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# Re: st: Re: Comparison of results from Stata

 From wgould@stata.com (William Gould, StataCorp LP) To statalist@hsphsun2.harvard.edu Subject Re: st: Re: Comparison of results from Stata Date Mon, 07 Feb 2011 10:27:57 -0600

```In a previous exchange, Matthew discovered differences between
-regress- and using Mata invsym(X'X)*X'y, and I explained those
differences in terms of finite precision and, in particular, traced
certain discrepancies down to Matthew's inadvertant use of -float-
rather than -double-.  Along the way, we discovered that -regress-
was more accurate than invsym(X'X)*X'y.

Matthew Baker <matthew.baker@hunter.cuny.edu> writes,

> this begs the question: what is "reg" doing
> differently? While running your code makes the errors much
> closer, they still aren't identical - why is that?

Matthew is imagining there is a single correct answer.  Well, there is
a single correct answer mathematically.  Computers, however, perform
calculations with a limited number of digits, aka finite precision, and
the results they produce are close to, but not identical to, the single
mathematical answer.   As a result, two different formulas for calculating
a result, formulas that would produce mathematically identical results,
can and do produce different results when performed on a finite-precision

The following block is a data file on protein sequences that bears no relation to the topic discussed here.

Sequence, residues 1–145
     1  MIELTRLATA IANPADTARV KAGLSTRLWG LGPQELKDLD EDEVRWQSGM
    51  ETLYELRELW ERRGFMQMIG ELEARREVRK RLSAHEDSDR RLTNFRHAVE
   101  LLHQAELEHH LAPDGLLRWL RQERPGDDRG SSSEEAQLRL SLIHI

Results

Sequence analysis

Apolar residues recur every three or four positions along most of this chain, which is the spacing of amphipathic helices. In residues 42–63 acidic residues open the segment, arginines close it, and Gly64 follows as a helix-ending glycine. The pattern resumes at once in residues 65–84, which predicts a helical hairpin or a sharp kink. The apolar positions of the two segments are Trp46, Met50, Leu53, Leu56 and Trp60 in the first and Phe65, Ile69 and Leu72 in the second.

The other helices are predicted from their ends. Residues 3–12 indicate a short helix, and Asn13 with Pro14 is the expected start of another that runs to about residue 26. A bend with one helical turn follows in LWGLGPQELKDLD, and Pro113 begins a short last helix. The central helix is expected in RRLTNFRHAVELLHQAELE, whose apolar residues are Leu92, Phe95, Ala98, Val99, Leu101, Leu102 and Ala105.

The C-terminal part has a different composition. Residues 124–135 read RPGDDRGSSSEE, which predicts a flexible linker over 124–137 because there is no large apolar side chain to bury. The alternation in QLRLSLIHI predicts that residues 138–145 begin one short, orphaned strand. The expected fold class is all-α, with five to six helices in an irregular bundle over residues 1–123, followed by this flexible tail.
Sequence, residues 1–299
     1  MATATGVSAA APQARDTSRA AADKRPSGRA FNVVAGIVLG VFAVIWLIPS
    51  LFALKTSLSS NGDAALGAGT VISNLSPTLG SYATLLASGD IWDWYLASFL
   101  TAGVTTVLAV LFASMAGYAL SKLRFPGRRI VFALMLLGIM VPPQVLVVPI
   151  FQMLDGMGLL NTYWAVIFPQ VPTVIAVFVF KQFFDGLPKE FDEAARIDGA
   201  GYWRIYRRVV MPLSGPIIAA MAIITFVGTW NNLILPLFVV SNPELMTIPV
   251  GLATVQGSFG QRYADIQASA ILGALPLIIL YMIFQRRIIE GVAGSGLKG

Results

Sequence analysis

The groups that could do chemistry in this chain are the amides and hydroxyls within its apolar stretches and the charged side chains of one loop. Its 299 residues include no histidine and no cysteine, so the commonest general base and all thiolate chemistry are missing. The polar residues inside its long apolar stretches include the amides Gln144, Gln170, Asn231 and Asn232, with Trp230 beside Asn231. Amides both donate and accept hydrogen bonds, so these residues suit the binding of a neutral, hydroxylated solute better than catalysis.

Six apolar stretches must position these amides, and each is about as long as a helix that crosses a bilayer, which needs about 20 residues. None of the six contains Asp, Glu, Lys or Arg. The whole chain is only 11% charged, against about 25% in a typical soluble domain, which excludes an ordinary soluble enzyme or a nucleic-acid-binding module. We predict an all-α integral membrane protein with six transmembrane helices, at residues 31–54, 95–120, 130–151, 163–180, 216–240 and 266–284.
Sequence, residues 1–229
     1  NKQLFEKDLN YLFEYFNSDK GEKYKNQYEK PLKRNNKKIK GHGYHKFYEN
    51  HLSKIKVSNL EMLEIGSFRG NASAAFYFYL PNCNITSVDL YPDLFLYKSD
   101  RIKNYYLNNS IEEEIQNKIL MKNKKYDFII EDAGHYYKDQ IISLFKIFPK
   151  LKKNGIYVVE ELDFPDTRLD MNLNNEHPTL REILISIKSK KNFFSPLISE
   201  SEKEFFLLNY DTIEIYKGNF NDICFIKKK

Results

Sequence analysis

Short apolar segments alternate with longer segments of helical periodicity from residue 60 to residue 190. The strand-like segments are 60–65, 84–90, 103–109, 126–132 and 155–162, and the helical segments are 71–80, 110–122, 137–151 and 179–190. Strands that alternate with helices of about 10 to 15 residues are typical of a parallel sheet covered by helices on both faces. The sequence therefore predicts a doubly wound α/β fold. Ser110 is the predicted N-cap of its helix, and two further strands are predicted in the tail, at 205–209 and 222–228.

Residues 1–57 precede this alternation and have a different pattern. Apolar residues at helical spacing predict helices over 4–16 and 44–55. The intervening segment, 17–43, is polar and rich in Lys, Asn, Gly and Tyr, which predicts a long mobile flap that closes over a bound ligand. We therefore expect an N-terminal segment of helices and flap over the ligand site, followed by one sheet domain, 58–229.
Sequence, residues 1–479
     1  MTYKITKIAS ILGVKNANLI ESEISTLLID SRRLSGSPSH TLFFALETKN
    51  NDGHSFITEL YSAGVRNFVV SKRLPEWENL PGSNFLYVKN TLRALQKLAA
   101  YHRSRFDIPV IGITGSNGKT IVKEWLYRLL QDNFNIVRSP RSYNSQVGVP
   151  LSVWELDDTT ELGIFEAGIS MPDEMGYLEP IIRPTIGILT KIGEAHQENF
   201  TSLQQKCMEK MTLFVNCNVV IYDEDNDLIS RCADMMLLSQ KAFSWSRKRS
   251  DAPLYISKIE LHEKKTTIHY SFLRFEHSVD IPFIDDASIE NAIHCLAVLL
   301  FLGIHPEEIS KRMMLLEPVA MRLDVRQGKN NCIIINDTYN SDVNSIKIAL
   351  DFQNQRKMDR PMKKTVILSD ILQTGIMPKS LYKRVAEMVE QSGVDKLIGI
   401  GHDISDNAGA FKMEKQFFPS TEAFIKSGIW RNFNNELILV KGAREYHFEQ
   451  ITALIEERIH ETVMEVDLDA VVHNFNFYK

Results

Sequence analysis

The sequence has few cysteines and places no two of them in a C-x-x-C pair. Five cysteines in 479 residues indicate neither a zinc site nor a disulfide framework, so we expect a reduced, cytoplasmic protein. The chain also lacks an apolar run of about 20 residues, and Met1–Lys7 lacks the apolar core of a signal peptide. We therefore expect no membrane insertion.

computer.  An important part of the scientific programming StataCorp does
is evaluating those differences and finding fomrulas which, when performed
using finite precision arithmetic, produces results closer to the true
mathematical result.

In Mata, Matthew obtained regression coefficients using the classic
mathematical formula (X'X)^(-1)X'y, which he coded in Mata as
invsym(X'X)*X'y.

Stata's -regress- uses different formulas to obtain b.  Performed with
infinite precision, the formulas -regress- uses would produce the same,
mathematically true result as (X'X)^(-1)X'y.  Performed in finite precision,
the fomulas -regress- uses produce results closer to the matematical answer.

So what does -regress- do?

First, rather than calculating (an approximiation to) (X'X)^(-1), which
can then be used in the formula (X'X)^(-1)X'y directly to obtain b, Stata uses
a solver, and solves the equation

(X'X)b = X'y

for b.

Premultiply both sides of the above equation by (X'X)^(-1) and you will
obtain b = (X'X)^(-1)*X'y, but that is not how a solver works.  The
particular solver Mata uses is based on LR decomposition.
Mata provides this capability -- see -help mata lusolve()- -- so Matthew
could have used it, but -lusolve()- is more trouble than using
syminv(X'X)*X'y, and really, there's no reason he should have used it.
syminv(X'X)*X'y produces an excellent answer in this case.  EVen so,
lusolve() would have produced a better answer.

If Matthew wanted to implement using lusolve() in all cases, I should warn
him that LU decomposition assumes that matrix is full rank.  Matthew will
need to think about how he will detect collinearity and reduce the problem